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    Learn the ABC's of Office Furniture

    3 Fun Facts About Office Furniture and Supplies

    Posted by Samantha Johnson

    Posted on 9th Jan 2020 in Cubicles, Office Chairs, Office Culture


    The average American slept 6.8 hours per day in 2019, according to That's down from eight hours of sleep per day in 1942. Meanwhile only 1 in 5 jobs today require physical activity, according to Johns Hopkins University. That down from nearly half of jobs being physical in 1960. The morals of the story - statistics are fun, and your beds and office chairs better be comfortable.

    Office supplies get more fun and quirkier every year. Those Wheel of Fortune-type paperweights that double as spinners are fun. When you're undecided about that second Starbucks break of the morning, spin the top and go with the answer it lands on. Staple-free staplers (that may be an oxymoron) won't be replacing Swinglines anytime soon. The previous can only handle upwards of seven sheets at a time right now. Inkless pens are also gaining popularity. But really, how often does anyone actually write on paper anymore?

    Many office fixtures like cubicles and file cabinets haven't changed much over the years. But their origins, or at least the anecdotal stories of their creation, always make for interesting reading.

    Darwin's chair wheels

    It's quite ironic that Charles Darwin is given credit for being the first to put wheels on office chairs. He apparently wanted a quicker, more efficient way to move around his laboratory. All the while he was studying the evolution of animals, including humans, from ancient relatives. If Darwin did in fact invent casters (the fancy word for office chair wheels), he's also a big part of workplace evolution.

    The difference between human evolution and office chair evolution is that we know the missing link in the latter. American inventor Thomas E. Warren designed the Centripetal Spring Chair shortly after hearing about Darwin's nifty idea. It had wheels like Darwin's chair. But it also had very soft, velvet cushioning for back and arm support.

    The chair made its debut at the 1851 London Great Exhibition. But potential buyers deemed the chair too comfortable for office use, according to seating design expert Dr. Jennifer Pynt. Needless to say, workers' health was not a priority at that time.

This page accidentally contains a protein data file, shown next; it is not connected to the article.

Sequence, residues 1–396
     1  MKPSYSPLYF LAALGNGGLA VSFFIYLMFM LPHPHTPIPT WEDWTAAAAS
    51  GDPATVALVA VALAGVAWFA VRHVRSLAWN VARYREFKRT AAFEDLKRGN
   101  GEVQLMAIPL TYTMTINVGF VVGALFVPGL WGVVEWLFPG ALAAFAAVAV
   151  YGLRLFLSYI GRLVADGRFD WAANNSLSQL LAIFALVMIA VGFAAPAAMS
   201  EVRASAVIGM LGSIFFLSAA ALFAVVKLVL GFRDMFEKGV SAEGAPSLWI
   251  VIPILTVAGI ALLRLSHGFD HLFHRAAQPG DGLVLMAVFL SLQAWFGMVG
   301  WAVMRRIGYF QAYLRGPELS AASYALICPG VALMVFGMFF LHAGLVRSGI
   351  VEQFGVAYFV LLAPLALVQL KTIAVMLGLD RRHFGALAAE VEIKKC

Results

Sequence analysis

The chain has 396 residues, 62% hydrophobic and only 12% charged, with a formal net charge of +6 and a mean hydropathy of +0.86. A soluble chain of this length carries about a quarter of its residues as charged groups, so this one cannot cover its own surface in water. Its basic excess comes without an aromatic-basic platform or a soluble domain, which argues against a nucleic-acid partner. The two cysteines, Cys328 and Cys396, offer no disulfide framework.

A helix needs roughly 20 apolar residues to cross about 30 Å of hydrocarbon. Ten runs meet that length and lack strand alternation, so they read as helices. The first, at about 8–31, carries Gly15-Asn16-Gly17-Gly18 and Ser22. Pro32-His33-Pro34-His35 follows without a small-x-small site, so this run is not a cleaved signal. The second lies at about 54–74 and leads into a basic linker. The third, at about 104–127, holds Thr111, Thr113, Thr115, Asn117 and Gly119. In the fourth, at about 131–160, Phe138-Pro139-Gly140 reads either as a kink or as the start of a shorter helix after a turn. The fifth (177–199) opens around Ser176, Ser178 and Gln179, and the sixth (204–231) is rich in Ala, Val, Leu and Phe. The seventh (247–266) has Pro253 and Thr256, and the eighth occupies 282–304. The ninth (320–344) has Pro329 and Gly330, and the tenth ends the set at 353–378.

First official office chair race held in Germany

    Companies with laid-back cultures often hold some kind of office Olympics as team-building exercises. Office chair racing is a common event. Nobody, however, does it like Europeans.

    The first German Championship in Office Chair Racing took place in Bad König, Germany on April 26, 2008. If you think all the winner had to do was propel themselves through a few orange cones, you're wrong. The race was a 560-foot course that included two very steep hills. The 70 participants decorated their "race chairs" with decals, stickers and various other trinkets. Some even dressed in costumes. One guy wore a rabbit suit and ears while driving his rabbit-themed chair.

    Bad KönigThe event attracted participants from several neighboring countries. A rider from Luxembourg won the race in 2011. A similar event, called the World Championship Office Chair Race, is held in Switzerland.

    Accidental Post-It Notes

    No, Romy and Michele did not invent Post-It Notes.

    But the guys who did invent them stumbled upon the idea after a series of fortunate mistakes. A 3M employee named Spencer Silver was tasked with creating a super strong adhesive for aerospace applications in 1968. His concoction turned out to be far too weak for its intended purpose. A few years later, a 3M engineer named Art Fry has having trouble keeping paper song markers from falling out of his hymn book. He used Silver's glue to stick the markers to this book. The rest is history.

    Another fun fact: the Eco Office team has designed and executed some of the most innovative office spaces in the Bay Area. Give us a call today at 408-437-1700 to talk about your office furniture and design needs.

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